Get More Ratings for your Apps

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James

iRate Getting users to take the time to rate your app has been an issue that developers have been struggling with for some time. I have seen many strategies from asking individuals on Twitter, asking in release notes, and of course the most popular option of prompting your user to review your app. The prompt option when combined with targeting loyal customers based on how long and how many times they have used your app makes for a great option to drive up ratings.

In the Xamarin Component Store you will find a wide variety of libraries, user controls, and themes to easily add rich functionality to your Xamarin applications. There are two components which allow you to easily prompt your users to rate your app when a specific set of requirements are met, iRate Rating Prompt for iOS and AuditApp for Android.

iRate app rating for iOS

Both of these components do all of the hard work of implementing this functionality, and give you a beautiful API to customize when to prompt your users and how the prompt should look. You can set how many days or launches of your application before prompting your user or you can even set custom events that must occur before iRate will prompt them.

iRate for iOS

Let’s first take a look at iRate on iOS. Getting started is as easy as adding the component and customizing a few settings in your AppDelegate.

Here I will change iRate to only prompt my users after 30 days of use and if they have used the app at least 50 times.

static AppDelegate () {
  iRate.SharedInstance.DaysUntilPrompt = 30;
  iRate.SharedInstance.UsesUntilPrompt = 50;
}

Perhaps you would only like to prompt your users if they have completed a set number of events in your application, such as navigation to a certain screen a number of times. To do this we will set the EventsUntilPrompt property instead. Whenever we call LogEvent(bool deferPrompt) this will increment the count and once we hit our EventsUntilPrompt iRate will either immediately pop up the rating prompt or wait until the next launch based on what we pass in for deferPrompt parameter.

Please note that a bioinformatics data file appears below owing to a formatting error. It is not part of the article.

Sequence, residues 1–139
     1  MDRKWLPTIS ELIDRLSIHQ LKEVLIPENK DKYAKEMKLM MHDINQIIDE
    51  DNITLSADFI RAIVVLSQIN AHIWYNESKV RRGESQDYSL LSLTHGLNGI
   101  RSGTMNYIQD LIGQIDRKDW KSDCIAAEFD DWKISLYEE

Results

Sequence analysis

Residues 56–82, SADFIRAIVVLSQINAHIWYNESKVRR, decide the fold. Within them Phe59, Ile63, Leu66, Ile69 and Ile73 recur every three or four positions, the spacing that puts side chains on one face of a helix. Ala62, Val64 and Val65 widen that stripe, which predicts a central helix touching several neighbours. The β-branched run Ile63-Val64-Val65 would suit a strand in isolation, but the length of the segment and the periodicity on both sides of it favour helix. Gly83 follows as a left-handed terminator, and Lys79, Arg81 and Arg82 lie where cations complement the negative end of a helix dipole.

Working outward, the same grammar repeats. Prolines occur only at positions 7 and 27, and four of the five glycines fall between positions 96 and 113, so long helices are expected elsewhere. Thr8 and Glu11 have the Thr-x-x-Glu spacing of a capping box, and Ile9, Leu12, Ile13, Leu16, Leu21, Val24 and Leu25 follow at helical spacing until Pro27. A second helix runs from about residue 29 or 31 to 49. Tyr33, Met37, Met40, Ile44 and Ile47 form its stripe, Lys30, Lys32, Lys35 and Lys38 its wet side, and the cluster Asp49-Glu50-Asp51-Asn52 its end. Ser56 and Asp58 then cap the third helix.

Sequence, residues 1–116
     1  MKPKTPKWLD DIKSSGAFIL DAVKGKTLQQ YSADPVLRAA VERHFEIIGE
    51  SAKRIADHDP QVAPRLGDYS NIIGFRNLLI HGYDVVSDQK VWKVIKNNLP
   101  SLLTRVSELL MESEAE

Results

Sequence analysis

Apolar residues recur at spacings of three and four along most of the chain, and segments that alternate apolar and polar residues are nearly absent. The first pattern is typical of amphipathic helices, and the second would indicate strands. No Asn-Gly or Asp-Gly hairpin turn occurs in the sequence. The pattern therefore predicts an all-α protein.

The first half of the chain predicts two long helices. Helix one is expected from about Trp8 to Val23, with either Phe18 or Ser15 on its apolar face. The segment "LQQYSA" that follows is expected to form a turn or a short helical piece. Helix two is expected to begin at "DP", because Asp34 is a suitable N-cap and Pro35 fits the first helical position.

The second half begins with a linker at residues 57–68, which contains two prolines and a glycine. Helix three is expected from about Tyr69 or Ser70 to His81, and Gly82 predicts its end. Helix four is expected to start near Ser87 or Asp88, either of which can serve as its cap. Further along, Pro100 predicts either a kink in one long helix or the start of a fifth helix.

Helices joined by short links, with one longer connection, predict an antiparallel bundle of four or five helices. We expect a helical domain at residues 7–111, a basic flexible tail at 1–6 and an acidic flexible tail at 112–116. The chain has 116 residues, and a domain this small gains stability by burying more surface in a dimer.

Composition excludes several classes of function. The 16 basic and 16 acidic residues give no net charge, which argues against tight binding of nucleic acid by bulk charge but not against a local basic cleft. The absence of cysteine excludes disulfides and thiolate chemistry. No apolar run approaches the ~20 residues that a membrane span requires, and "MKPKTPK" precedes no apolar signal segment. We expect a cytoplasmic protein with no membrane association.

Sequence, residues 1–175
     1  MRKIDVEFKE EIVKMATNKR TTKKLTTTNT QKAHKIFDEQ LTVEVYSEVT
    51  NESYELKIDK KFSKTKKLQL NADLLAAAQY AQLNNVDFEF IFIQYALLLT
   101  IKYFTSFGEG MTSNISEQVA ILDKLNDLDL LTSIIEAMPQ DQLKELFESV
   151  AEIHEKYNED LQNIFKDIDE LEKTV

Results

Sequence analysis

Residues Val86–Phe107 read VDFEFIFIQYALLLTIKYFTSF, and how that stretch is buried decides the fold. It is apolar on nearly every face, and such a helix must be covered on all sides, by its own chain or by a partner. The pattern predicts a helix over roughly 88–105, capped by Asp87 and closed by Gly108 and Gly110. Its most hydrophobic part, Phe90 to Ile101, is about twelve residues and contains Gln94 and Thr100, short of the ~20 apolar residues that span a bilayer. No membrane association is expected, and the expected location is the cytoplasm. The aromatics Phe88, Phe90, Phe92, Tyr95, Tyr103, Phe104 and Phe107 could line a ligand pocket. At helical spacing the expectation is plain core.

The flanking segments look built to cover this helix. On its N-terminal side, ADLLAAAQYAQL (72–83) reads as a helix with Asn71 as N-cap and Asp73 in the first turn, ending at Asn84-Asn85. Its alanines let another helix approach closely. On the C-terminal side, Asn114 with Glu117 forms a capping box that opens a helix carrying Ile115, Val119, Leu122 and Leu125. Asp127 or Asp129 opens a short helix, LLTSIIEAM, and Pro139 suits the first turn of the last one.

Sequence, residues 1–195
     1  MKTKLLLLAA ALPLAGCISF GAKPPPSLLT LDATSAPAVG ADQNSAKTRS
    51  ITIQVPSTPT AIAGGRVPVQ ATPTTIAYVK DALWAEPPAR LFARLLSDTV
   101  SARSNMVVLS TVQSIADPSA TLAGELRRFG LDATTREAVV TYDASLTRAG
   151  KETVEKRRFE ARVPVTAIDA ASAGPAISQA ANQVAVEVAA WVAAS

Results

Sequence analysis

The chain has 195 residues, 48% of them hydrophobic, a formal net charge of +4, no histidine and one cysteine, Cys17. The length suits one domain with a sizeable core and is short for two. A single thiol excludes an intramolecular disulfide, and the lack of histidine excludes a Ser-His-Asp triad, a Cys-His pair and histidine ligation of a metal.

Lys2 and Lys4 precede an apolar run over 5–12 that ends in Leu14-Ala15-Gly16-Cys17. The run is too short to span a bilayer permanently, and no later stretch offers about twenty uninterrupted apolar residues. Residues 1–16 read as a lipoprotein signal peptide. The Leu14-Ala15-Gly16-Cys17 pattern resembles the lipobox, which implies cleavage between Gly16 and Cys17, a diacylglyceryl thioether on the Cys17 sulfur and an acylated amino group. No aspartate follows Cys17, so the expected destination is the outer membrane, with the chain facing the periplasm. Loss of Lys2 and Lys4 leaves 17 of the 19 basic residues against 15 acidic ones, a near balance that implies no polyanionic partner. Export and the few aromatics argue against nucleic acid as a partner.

Here is what the AppDelegate code looks like:

static AppDelegate () {
  iRate.SharedInstance.EventsUntilPrompt = 10;
}

Then inside of our UIViewController, ViewDidLoad will log the event:

public override void ViewDidLoad () {
  base.ViewDidLoad ();
  iRate.SharedInstance.LogEvent (true);
}

AuditApp for Android

Similar to iRate, AuditApp gives you a lot of control over when and how to prompt your users to rate your app. To get started you will need to create a class that inherits from Application to put the setup logic for AuditApp. Here I will override the OnCreate method and set AuditApp to wait for the user to use my app 30 times and at least 30 days.

using System;
using Android.App;
using AuditApp.Common;

[Application()]
public class MyApplication : Application
{
  ...

  public override void OnCreate()
  {
    base.OnCreate();
    AndroidPlaystoreAudit.Instance.UsesUntilPrompt = 30;
    AndroidPlaystoreAudit.Instance.TimeUntilPrompt = new TimeSpan(30, 0, 0, 0);
  }
}

Once AuditApp is setup I just need to activate it from the main Activity of my application.

using AuditApp.Common
...
public override void OnCreate(Bundle bundle)
{
  AndroidPlaystoreAudit.Instance.Run(this);
}

AuditApp Android component And there you have it, a nice rating prompt on Android.

Both of these components are highly customizable to fit your needs. Read both the iRate getting started guide and AuditApp getting started guide to learn more.

If that wasn’t enough, here is a short screencast to get you going:

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